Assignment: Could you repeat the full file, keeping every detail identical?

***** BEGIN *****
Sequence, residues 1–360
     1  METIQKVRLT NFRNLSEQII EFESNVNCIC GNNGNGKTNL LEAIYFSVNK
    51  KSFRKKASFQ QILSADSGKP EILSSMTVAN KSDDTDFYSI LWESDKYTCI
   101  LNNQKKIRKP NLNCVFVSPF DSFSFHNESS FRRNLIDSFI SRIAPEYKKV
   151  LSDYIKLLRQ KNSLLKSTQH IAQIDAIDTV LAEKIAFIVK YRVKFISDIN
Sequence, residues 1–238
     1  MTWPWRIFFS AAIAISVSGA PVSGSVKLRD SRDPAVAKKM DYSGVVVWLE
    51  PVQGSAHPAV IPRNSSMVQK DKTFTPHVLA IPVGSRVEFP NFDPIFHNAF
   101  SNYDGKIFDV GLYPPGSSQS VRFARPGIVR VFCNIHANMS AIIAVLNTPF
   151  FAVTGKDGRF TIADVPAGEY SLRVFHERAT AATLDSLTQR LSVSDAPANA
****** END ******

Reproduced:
Sequence, residues 1–360
     1  METIQKVRLT NFRNLSEQII EFESNVNCIC GNNGNGKTNL LEAIYFSVNK
    51  KSFRKKASFQ QILSADSGKP EILSSMTVAN KSDDTDFYSI LWESDKYTCI
   101  LNNQKKIRKP NLNCVFVSPF DSFSFHNESS FRRNLIDSFI SRIAPEYKKV
   151  LSDYIKLLRQ KNSLLKSTQH IAQIDAIDTV LAEKIAFIVK YRVKFISDIN
Sequence, residues 1–238
     1  MTWPWRIFFS AAIAISVSGA PVSGSVKLRD SRDPAVAKKM DYSGVVVWLE
    51  PVQGSAHPAV IPRNSSMVQK DKTFTPHVLA IPVGSRVEFP NFDPIFHNAF
   101  SNYDGKIFDV GLYPPGSSQS VRFARPGIVR VFCNIHANMS AIIAVLNTPF
   151  FAVTGKDGRF TIADVPAGEY SLRVFHERAT AATLDSLTQR LSVSDAPANA